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Leaving Neverland: Explosive Michael Jackson documentary details 'scale of his sex abuse'

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Michael Jackson gave a young boy jewellery in exchange for sexual acts and even staged a mock wedding complete with vows and a diamond ring, according to damning new documentary Leaving Neverland.

The explosive film, which will air on HBO and Channel 4 in the UK, details allegations from Wade Robson and James Safechuck, who accuse Jackson of molesting them as boys.

It includes accusations that The King of Pop gave one of his victims jewellery in exchange for sexual acts, according to USA Today reporter Patrick Ryan who attended the world premiere on Friday.

Writing on Twitter, Mr Ryan said there were many common parallels in victims’ stories, listing them as: “Michael Jackson grooming them to hate their parents and women in general, saying God brought them together, eventually ‘casting them out’ for younger boys’.”

The reporter also said the documentary details one time where Mr Jackson staged a mock wedding complete with vows and a diamond ring for one of his alleged victims.

The Michael Jackson estate has condemned the four-hour film as “an outrageous and pathetic attempt to exploit and cash in” on the superstar, who died in 2009.

Jackson also denied all allegations that he abused underage boys during his lifetime.

Michael Jackson performing at the Super Bowl (AP)

One of the men’s accounts is controversial because he previously swore under oath that Jackson had never molested him before changing his account in a 2016 lawsuit.

However, Mara Reinstein of US Weekly wrote after watching the Sundance Film Festival premiere that the witnesses/sex abuse victims came across as “very credible” in the documentary.

She wrote on Twitter: “Feel sick to my stomach after watching Part 1 of #LeavingNeverland doc. Michael Jackson witnesses/sex abuse victims coming off very credible.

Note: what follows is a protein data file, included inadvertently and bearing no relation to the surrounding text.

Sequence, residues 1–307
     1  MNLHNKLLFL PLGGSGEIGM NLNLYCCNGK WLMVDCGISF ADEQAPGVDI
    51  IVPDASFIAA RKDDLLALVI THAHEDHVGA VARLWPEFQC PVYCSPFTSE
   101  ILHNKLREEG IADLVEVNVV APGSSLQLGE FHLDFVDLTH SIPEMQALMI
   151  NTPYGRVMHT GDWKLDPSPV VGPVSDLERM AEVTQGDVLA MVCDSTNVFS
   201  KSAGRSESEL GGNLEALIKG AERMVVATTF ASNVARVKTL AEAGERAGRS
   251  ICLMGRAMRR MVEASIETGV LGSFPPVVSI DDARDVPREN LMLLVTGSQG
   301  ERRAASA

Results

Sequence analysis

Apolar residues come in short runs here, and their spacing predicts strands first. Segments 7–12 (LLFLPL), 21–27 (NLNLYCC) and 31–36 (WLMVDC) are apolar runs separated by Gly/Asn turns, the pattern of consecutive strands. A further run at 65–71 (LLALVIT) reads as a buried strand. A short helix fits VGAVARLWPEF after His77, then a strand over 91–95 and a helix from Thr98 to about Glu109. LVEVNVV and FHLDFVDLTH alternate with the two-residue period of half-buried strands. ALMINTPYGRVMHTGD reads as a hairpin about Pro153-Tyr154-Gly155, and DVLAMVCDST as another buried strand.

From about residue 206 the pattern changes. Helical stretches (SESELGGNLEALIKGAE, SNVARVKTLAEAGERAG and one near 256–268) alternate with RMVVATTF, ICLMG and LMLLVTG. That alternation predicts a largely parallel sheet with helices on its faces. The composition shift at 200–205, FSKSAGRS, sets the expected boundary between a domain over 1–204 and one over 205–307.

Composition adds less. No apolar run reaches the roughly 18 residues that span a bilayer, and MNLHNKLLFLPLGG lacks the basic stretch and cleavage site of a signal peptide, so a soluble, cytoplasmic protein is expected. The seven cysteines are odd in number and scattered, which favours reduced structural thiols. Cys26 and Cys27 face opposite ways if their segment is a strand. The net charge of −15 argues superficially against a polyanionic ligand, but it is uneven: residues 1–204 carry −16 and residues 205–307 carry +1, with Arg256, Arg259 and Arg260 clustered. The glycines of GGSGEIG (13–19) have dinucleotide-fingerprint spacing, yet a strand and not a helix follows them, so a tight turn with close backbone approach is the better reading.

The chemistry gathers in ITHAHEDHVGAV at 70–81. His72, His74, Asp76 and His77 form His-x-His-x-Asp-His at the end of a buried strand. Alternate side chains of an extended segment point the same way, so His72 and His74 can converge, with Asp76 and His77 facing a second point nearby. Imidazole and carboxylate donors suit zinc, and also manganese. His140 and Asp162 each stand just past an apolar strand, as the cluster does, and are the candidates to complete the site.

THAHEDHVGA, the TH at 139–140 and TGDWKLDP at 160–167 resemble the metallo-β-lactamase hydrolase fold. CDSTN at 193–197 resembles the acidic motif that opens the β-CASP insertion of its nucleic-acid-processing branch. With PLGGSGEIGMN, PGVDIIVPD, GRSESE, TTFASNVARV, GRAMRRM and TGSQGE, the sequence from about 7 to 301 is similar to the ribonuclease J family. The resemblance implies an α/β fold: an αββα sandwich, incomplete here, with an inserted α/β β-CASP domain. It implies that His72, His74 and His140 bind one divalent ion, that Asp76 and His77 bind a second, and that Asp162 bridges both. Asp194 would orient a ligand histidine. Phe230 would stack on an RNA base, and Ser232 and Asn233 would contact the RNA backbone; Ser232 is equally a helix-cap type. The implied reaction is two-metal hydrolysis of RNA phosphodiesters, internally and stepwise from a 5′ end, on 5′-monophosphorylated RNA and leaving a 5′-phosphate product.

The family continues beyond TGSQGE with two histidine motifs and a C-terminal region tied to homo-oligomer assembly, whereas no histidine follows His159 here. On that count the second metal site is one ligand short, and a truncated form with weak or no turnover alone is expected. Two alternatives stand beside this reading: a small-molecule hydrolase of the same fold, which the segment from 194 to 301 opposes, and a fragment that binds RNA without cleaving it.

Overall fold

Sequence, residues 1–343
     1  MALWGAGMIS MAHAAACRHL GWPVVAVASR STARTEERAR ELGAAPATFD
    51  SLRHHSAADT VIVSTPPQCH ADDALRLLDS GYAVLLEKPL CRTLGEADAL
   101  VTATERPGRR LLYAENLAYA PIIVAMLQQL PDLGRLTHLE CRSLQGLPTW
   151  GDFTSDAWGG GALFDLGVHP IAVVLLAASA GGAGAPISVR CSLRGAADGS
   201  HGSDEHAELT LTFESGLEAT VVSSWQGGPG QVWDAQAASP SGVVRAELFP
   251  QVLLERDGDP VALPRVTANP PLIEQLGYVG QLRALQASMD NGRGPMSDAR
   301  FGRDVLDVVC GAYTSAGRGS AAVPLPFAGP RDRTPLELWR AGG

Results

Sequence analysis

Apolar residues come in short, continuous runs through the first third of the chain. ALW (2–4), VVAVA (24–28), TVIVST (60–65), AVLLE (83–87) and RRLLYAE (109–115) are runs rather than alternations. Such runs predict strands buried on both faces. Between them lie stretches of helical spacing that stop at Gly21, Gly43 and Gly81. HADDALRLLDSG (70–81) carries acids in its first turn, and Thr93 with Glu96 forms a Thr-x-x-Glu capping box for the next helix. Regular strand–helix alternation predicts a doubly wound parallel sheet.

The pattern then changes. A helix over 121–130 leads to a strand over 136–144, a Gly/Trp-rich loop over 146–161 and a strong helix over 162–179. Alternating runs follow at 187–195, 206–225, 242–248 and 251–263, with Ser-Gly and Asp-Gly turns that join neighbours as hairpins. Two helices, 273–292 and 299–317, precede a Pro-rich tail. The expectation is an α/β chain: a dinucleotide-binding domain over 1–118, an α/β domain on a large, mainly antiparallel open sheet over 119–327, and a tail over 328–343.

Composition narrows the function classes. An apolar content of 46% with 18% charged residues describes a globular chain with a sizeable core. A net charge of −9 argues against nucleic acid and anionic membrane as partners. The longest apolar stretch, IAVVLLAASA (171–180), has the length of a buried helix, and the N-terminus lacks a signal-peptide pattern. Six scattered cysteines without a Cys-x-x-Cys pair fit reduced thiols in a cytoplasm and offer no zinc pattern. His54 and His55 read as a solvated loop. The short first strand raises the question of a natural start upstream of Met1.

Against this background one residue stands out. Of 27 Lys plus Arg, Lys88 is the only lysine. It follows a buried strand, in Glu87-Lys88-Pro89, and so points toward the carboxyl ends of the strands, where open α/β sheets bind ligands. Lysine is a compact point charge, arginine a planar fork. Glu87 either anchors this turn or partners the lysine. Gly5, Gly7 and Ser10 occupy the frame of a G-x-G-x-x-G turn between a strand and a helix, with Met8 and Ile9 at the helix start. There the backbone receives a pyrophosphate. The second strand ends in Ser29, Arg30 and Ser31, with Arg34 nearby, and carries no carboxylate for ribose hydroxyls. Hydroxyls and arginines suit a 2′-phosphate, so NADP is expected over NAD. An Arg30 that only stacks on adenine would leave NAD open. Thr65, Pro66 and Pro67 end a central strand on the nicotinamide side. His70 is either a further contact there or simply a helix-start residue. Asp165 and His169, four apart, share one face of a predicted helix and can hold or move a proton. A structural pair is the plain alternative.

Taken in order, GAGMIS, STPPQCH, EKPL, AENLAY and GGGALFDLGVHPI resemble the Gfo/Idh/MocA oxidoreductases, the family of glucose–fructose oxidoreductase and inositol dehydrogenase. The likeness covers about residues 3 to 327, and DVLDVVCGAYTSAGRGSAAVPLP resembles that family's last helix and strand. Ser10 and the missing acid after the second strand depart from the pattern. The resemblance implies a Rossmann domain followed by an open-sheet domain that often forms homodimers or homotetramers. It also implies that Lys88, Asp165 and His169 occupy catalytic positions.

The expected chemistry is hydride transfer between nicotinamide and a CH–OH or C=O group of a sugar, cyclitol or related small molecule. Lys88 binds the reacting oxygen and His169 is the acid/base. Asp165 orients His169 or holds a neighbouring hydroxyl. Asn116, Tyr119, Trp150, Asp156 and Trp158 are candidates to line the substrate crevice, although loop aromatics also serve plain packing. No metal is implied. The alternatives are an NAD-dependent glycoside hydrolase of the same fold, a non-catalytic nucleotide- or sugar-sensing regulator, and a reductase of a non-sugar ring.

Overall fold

“It’s so sexually explicit that counsellors are in the lobby.”

Hollywood Elsewhere reporter Jeff Wells called the documentary a “horror film”, which gives an “intimate, obviously believable, sometimes sexually explicit story of two boys who became Michael Jackson’s special ‘friends’ – i.e lovers – while their oblivious parents went along”.

He added: “You should have seen the faces of the audience members during the ten-minute intermission of ‘Leaving Neverland’. They had that look of hollowed-out nausea, submerged disgust…trying to hide their revulsion.”

The documentary alleging the late singer was a predatory sex offender attracted a small group of protesters to its Sundance Film Festival premiere.

Pictures from the scene show about 25 protesters stood outside Park City’s Egyptian Theatre in Utah holding signs reading “Seek Truth” and “Innocent”.

Signs in support of Michael Jackson outside of the premiere of the “Leaving Neverland” (Danny Moloshok/Invision/AP)

One fan, Catherine Van Tighem, travelled from Alberta, Canada, to join the protest. She told Variety: “This film is not about giving a voice to a victim. The people that are featured in this film have already had their day in court and they have been legally denied.

“They were seeking financial gain and the case was dismissed … if Michael were alive today, this film would be considered defamation.”

Catherine Van Tighem hands out pamphlets in support of Michael Jackson (Danny Moloshok/Invision/AP)

Despite the controversy surrounding Leaving Neverland, directed by Bafta-winner Dan Reed, the film received a standing ovation after its four-hour screening.

Leaving Neverland’s title references the Neverland Ranch in Santa Barbara County, California, where Jackson lived from 1988 to 2003. Police raided the ranch in 2003 while investigating allegations Jackson had molested a 13-year-old boy.

The singer, who died aged 50 following an overdose, was acquitted of all charges in 2005 following a high-profile trial.

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